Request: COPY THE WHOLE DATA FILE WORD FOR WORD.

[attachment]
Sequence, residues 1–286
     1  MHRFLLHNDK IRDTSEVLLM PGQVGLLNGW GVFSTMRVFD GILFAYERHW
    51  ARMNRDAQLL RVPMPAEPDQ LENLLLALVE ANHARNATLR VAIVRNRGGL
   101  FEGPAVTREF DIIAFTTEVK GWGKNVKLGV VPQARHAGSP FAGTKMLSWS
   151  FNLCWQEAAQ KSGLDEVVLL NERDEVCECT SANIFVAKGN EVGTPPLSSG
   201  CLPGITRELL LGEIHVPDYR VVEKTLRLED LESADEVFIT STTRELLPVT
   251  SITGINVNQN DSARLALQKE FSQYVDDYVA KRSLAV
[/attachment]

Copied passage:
Sequence, residues 1–286
     1  MHRFLLHNDK IRDTSEVLLM PGQVGLLNGW GVFSTMRVFD GILFAYERHW
    51  ARMNRDAQLL RVPMPAEPDQ LENLLLALVE ANHARNATLR VAIVRNRGGL
   101  FEGPAVTREF DIIAFTTEVK GWGKNVKLGV VPQARHAGSP FAGTKMLSWS
   151  FNLCWQEAAQ KSGLDEVVLL NERDEVCECT SANIFVAKGN EVGTPPLSSG
   201  CLPGITRELL LGEIHVPDYR VVEKTLRLED LESADEVFIT STTRELLPVT
   251  SITGINVNQN DSARLALQKE FSQYVDDYVA KRSLAV